The Judeo-Christian Right Wing

July 23, 2011 Category: Religion

There are many wonderful messages in both the Hebrew Bible and the New Testament–important moral messages that all of us (religionists and secularists alike) would be wise to embrace.  Too often, freethinkers dismiss Judeo-Christian scripture wholesale.  They tend to do so because of its affiliation with (institutionalized) dogmatism.  Many humanists demand that morality be grounded in universal principles…rather than be grounded in social constructs (i.e. based on historical artifacts).

However, it is not only reasonable, but–in my estimation–very important for everyone to recognize some of the messages found within both (A) the ancient texts of Judaism and (B) the ancient texts oriented around Jesus of Nazareth.  Though they are conveyed in allegorical form, certain messages are worth heeding.  We mustn’t let the choice of narrative vehicle disuade us from celebrating the moral message.  After all, it is possible to divorce the moral message from the theology in which it happens to be couched.

Oddly, though, some of those who most vehemently profess fealty to those texts are the very people whose values are not in keeping with the salient moral messages.  It seems that many religious people need to be tutored in the more noble tenets of their own religion…by humanists (i.e. people who, ironically, best embody those very tenets).  After all, Jesus was, if nothing else, a humanist.  This staggering irony is often lost on the pious. 

What follows is a brief review of the important moral messages (what I take to be humanist messages) found in the Old and New Testaments (based on over 140 key passages).  This is provided as a public service for Christians and Jews who talk the talk yet often fail to walk the walk.

I start with ten entreaties found in the Hebrew Bible:

  • Don’t hate (Leviticus 19:17)
  • Love thy neighbor (Leviticus 19:18)
  • Be kind to strangers (Leviticus 19:33-34, Exodus 23:9, Deuteronomy 24:17-21); Love strangers (Deuteronomy 10:19)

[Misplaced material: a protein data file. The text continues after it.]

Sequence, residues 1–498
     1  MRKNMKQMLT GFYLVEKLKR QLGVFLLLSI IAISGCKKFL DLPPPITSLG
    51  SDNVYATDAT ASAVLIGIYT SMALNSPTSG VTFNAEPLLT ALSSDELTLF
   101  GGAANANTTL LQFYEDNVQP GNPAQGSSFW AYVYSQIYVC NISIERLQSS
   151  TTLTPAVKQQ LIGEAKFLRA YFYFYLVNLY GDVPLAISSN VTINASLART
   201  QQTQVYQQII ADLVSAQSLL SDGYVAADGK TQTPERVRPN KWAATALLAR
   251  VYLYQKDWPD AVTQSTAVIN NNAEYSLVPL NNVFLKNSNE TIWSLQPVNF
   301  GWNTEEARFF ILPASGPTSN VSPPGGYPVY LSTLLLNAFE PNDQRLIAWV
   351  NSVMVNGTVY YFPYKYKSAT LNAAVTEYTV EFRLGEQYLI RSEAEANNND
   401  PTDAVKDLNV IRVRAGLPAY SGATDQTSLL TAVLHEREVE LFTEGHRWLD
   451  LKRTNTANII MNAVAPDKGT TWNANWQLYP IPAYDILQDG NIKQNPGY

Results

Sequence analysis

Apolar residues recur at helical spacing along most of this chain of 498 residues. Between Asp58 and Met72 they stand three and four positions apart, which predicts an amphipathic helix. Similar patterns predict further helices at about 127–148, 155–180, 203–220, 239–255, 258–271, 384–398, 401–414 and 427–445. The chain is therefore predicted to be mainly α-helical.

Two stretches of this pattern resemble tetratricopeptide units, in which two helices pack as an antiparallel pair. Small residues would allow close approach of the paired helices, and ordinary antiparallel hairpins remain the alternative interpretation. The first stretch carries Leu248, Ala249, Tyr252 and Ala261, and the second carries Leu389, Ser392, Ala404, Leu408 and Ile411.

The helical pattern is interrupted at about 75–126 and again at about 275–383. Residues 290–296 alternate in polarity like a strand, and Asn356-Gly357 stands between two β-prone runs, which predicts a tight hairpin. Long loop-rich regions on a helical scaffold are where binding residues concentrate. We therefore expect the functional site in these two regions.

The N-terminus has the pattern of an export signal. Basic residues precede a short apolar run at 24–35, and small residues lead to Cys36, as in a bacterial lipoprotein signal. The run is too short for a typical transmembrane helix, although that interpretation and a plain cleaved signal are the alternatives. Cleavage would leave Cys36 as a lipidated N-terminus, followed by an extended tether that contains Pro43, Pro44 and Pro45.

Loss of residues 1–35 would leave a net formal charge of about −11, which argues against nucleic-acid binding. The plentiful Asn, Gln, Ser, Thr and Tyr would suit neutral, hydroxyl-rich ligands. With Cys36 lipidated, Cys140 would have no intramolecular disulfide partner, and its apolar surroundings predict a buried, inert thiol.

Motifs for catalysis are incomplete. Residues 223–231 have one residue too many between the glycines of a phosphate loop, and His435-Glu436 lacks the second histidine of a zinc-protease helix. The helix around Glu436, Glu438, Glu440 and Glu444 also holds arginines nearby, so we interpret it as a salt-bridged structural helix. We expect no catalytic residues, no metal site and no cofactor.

• Don’t oppress others (Proverbs 22:22, 3:31, Leviticus 25:17, Deuteronomy 24:14-15)
  • Be merciful, because mercy is healthy; cruelty is unhealthy (Proverbs 11:17)
  • Pursue peace (Psalms 34:14)
  • Be good to others (Proverbs 3:27-28, Zachariah 7:9-10, 8:16-17)
  • Be good to others, even if they hate you (Exodus 23:4-5)
  • Don’t be spiteful (Proverbs 24:17)
  • Turn your swords into ploughshares (Isaiah 2:4, Micah 4:3)

Such “rules of thumb” would seem to inform a certain kind of foreign policy–pursuing peace over militancy, social justice over domination.  Alas, their obvious application to international relations is often subverted by other priorities.  Regarding the contemporary issue of Israel in particular, we find the following five salient points:

  • “You have fought many wars…and are not to build a house for my Name, because you have shed much blood on the earth in my sight.” (1 Chronicles 22:8)
  • “Woe to those who…rely on chariots.” (Isaiah 31:1)
  • “It was not by their sword that they won their land.” (Psalms 44:3)
  • “They will beat their swords into plowshares and spears into pruning hooks.  Nations will not take up arms against nation, and will not train for war anymore.” (Micah 4:3)
  • “One who is to rule in Israel…shall be one of peace.”  (Micah 5:2-5)

Moreover, Deuteronomy tells us to be kind to one another–even to resident foreigners.  Here, we are told not to shed the blood of the innocent.  Revisionist Zionism, it turns out, doesn’t fair so well once one actually pays attention to Yahweh.  Proponents of RZ would be well advised to heed the counsel of their deity (when he’s not talking about protocols for worship, which attire to wear, and what not to eat).  Regarding the Revisionist Zionist, one can’t help but wonder which excerpts from the Hebrew Bible is he emphasizing. 

The moral insights continue:

We are told that pride and shame are two sides of the same coin (Proverbs 11:2), that open-mindedness is a virtue (Proverbs 18:13), and that anger is a bad thing (Ecclesiastes 7:9).  It would seem, then, that tribalism (e.g. national chauvinism) is not in keeping with the spirit behind Hebrew scripture.

That RZ is a flagrant betrayal of Judaism is, according to the above 27 passages, quite plain to see.  It seems that proponents of RZ eagerly imbibe their ideology even as they utterly neglect their holy scripture.  I don’t pretend to be the first to point this out.  What I aim to elucidate is the perverse irony: Those who most embrace right-wing foreign policy are typically those who most vehemently profess fidelity to their sacred texts.

Of course, the Hebrew Bible is riddled with a smorgasbord of edicts—many inane, some abhorrent, some praiseworthy.  Some adherents of Judaism opt to emphasize passages regarding, say, not trimming one’s side-burns and abstaining from mixing a calf with its mother’s milk…OVER the humanitarian encomiums listed above.  This is a bizarre hierarchy of priorities.  One is compelled to ask: How skewed are one’s priorities when one will strictly avoid pushing elevator buttons on Saturday, yet endorse the systematic persecusion of an entire people based on race?  (So much for the entreaty in Exodus 23:2 to not follow the crowd.)  By engaging in a judicious reading of the text, one is compelled to ask: Is a salient message to take home from sacred scripture: “Men mustn’t cut the corners of their garments?”  Or are there other decrees to emphasize first?  What REALLY IS important?